The trustee representing creditors of defunct law firm Brobeck Phleger & Harrison LLP is seeking to collect $284 million from its former partners to settle outstanding claims.


The settlement offer is the latest in a series of efforts by Bankruptcy Trustee Ronald Greenspan to collect money owed to unsecured creditors of the San Francisco firm.


In letters mailed to 230 former partners, about a third of whom are now scattered among various firms in Los Angeles, Greenspan said he arrived at the figure by adding the profits distributed to the partners beginning in 2001, when he claims they should have begun helping the firm recover from insolvency, until 2003, as the firm was dissolving.


"We happen to believe his theories of liability are incorrect and excessively aggressive and unsupported," said David Stern, a partner at Klee Tuchin Bogdanoff & Stern LLP representing a group of 120 former partners. "We don't believe it's well founded."


He said the partners have until early next year to respond to Greenspan, senior managing director of corporate finance and restructuring at FTI Consulting Inc. in Los Angeles.


Liquidation fallout


At its peak, Brobeck had 900 lawyers in offices scattered nationwide and generated annual revenue of $476 million. Focused on technology clients during the dot-com boom, the firm began suffering massive losses in 2001 as the bubble burst.


In May 2002, a group of 17 partners led by former Chairman Tower Snow left the firm for Clifford Chance. That departure, according to papers filed in U.S. Bankruptcy Court, Northern District of California, left the firm with $560 million in leasehold liabilities and $430,000 per partner in bank debt incurred by profit distributions.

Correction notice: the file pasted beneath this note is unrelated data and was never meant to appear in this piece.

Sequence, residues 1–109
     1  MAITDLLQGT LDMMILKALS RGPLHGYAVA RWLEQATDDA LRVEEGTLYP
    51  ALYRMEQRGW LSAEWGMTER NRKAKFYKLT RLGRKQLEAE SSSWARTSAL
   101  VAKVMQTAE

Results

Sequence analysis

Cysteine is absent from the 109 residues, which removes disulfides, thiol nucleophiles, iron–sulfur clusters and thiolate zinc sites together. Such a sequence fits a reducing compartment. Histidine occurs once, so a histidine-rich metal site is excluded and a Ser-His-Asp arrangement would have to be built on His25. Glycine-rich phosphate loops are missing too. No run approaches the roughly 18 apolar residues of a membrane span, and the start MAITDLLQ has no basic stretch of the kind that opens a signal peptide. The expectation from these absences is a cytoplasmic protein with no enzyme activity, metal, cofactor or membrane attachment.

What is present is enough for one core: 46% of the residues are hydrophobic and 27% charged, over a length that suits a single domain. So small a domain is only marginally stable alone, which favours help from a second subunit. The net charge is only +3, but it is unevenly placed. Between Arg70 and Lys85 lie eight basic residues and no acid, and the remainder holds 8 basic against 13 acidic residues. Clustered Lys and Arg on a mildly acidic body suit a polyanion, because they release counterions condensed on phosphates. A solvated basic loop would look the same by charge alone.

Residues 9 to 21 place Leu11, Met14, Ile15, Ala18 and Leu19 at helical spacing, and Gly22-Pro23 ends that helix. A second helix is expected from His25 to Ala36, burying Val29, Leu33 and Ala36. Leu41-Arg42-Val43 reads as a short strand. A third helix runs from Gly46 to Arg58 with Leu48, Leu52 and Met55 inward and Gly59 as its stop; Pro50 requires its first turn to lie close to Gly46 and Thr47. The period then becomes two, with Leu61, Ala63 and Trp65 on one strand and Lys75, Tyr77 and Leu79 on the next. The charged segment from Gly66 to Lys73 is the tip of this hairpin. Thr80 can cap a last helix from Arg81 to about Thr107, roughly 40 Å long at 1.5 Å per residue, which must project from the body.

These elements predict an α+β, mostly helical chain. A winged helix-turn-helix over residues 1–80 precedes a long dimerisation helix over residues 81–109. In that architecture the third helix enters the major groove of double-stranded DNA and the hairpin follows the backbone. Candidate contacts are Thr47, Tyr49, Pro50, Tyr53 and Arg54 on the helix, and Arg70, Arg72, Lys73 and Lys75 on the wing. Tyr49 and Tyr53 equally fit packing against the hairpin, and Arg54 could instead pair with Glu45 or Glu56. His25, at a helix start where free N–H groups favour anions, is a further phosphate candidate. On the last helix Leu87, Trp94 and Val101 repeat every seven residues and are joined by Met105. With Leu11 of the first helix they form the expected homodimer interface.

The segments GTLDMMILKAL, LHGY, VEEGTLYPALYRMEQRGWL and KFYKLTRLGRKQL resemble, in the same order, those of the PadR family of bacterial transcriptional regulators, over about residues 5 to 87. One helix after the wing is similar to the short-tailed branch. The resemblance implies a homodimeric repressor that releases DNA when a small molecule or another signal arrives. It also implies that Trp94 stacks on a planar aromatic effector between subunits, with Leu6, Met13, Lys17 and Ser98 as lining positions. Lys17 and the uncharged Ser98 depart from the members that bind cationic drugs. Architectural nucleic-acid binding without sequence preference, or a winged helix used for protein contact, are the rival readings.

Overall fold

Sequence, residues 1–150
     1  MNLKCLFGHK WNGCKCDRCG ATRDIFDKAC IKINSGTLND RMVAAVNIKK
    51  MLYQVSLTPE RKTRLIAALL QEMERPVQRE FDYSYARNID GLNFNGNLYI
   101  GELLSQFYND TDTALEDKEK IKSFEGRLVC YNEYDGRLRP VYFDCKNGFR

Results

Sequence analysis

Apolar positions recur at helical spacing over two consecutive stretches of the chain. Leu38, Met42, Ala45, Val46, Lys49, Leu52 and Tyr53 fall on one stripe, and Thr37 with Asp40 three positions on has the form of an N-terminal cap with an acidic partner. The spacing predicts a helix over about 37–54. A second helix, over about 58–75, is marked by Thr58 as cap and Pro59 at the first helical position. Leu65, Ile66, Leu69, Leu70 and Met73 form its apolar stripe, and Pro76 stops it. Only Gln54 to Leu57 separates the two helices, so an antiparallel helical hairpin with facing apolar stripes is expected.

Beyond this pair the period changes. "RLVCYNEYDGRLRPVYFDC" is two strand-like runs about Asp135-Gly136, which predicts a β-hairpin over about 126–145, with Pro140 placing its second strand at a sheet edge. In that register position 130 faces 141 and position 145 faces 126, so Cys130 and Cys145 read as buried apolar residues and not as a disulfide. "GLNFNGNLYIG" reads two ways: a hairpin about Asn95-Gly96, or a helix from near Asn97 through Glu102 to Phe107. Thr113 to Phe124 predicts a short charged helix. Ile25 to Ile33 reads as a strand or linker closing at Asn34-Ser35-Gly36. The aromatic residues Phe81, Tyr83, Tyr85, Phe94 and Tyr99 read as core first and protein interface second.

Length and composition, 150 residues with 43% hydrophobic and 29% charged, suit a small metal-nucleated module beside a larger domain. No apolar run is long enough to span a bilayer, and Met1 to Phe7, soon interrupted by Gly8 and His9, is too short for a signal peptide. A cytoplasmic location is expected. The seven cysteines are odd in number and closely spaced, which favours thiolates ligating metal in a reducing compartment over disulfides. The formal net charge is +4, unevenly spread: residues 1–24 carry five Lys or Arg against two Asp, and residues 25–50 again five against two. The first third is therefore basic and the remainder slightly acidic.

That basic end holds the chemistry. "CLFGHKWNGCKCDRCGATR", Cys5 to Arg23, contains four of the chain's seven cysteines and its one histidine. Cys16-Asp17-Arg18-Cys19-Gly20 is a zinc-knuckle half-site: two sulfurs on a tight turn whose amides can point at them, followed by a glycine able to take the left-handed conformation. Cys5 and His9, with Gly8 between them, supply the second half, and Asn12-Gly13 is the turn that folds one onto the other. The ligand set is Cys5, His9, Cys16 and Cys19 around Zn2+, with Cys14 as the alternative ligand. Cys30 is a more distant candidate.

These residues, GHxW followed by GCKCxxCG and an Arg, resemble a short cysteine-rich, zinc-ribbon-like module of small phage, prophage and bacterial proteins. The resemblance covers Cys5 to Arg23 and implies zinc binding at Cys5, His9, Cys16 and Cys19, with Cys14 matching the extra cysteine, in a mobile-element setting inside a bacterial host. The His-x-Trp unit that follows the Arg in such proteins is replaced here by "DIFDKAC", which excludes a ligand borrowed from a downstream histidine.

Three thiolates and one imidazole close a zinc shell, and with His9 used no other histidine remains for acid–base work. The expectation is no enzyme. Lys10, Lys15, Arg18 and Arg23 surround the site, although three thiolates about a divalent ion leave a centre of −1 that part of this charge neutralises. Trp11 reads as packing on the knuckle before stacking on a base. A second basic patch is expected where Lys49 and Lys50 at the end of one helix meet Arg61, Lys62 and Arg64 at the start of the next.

Seven months later, the firm defaulted on a loan from Citibank, its principal secured creditor, court papers say. Shortly thereafter, in February 2003, Brobeck shut down. A liquidation committee, comprised primarily of former partners and firm employees, was formed to pursue claims against Clifford Chance for contributing to Brobeck's demise. That aspect of the dissolution was settled last month for $3.8 million.


An outside group of unsecured creditors, concerned they were not represented by the liquidation committee, succeeded in filing an involuntary Chapter 7 bankruptcy later that year, after which Greenspan was put in place to manage the estate.


Greenspan, whose attorneys did not return calls, has already orchestrated the settlement of some claims by collecting funds from various sources, including accounts receivable, Clifford Chance and Morgan Lewis & Bockius LLP, which last year hired about 60 former Brobeck partners. But the bulk of the claims remain.

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